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  • Writer's pictureMegan Waters, CFP®

How High-Net-Worth Retirees Can Prepare For Medicare IRMAA

Let’s face it: retirement is expensive! Between lifestyle costs, taxes, and insurance, there’s a lot you have to plan for and coordinate in your spending plan.

While you may know that Medicare is a critical component of any retirement spending plan, there’s one expense that high-net-worth retirees in particular need to keep a close eye on—Medicare IRMAA.

What is Medicare IRMAA?

It’s a surcharge that increases your standard premium on Medicare part B, medical coverage, and part D, prescription drug coverage, if you earn above the annual threshold. Ultimately, IRMAA can increase your Medicare costs, making healthcare more expensive.

Read this article to learn how Medicare IRMAA impacts today’s retirees and some smart strategies to avoid carelessly paying too much.

What’s Medicare IRMAA?

IRMAA, or income-related monthly adjustment amount, can surprise new retirees because many don’t understand how it works and may not even know it exists.

As your income rises, IRMAA increases your monthly Medicare premiums. It’s important to note that a premium is different from a deductible. A premium represents the cost of maintaining coverage, and a deducible is your portion of the service or product expense.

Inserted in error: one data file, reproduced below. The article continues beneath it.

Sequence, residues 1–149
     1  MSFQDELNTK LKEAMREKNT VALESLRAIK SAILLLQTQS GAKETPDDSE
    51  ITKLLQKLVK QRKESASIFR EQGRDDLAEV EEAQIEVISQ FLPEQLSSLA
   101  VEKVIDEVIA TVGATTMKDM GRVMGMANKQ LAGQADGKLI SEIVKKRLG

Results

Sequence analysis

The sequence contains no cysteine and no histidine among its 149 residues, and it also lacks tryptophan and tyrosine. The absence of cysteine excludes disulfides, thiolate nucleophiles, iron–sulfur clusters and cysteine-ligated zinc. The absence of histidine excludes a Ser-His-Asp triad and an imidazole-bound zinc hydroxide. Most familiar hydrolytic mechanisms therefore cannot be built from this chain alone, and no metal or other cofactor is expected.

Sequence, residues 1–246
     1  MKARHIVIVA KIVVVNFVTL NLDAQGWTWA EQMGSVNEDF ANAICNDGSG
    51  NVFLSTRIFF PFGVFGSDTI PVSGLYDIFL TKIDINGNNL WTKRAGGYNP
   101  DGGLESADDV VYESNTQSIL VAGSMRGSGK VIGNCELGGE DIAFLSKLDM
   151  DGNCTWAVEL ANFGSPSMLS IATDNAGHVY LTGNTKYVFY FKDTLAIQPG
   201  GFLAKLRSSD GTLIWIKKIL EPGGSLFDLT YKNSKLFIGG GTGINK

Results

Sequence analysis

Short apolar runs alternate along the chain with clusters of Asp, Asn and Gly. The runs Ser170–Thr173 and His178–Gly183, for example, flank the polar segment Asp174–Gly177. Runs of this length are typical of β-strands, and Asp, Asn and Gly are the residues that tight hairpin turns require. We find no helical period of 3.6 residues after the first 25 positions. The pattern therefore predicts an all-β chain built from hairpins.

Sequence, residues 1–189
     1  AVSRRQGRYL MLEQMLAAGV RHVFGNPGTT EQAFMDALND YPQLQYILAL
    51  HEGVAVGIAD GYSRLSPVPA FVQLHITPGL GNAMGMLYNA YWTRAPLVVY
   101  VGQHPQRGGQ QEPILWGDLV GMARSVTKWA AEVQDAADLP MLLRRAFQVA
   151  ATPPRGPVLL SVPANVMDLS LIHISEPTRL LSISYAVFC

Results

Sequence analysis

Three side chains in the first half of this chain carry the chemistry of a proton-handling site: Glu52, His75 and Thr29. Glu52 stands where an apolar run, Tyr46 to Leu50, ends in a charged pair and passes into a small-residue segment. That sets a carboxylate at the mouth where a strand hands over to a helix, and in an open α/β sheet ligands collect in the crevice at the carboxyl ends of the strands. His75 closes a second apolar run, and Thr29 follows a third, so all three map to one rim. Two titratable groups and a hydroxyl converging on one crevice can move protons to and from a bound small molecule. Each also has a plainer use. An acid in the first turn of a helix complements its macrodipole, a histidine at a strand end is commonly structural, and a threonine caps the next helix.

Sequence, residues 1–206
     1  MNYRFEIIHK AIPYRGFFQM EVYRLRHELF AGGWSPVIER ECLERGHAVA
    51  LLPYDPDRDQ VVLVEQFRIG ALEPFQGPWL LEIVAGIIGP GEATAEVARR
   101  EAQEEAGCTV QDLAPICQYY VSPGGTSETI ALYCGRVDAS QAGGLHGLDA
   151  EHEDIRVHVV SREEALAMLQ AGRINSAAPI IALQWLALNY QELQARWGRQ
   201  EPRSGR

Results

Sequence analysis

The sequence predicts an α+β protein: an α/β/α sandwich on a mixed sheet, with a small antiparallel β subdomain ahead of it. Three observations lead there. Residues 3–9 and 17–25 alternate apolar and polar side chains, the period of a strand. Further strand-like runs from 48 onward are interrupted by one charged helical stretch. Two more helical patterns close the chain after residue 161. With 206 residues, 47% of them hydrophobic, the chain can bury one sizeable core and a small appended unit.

The concept of IRMAA is very similar to how income tax brackets affect your tax bill when you file your annual tax return. If your taxable income pushes you into a higher tax bracket, you’ll owe more on a larger portion of your income.

For 2022, the base Medicare Part B premium is $170.10. This chart shows the Part B premiums for different income levels.



Monthly Premium

$91,000 or less

$182,000 or less


$91,000 – $114,000

$182,000 – $228,000


$114,000 – $142,000

$228,000 -$284,000


$142,000 – $170,000

​$284,000 – $340,000


$170,000 – $500,000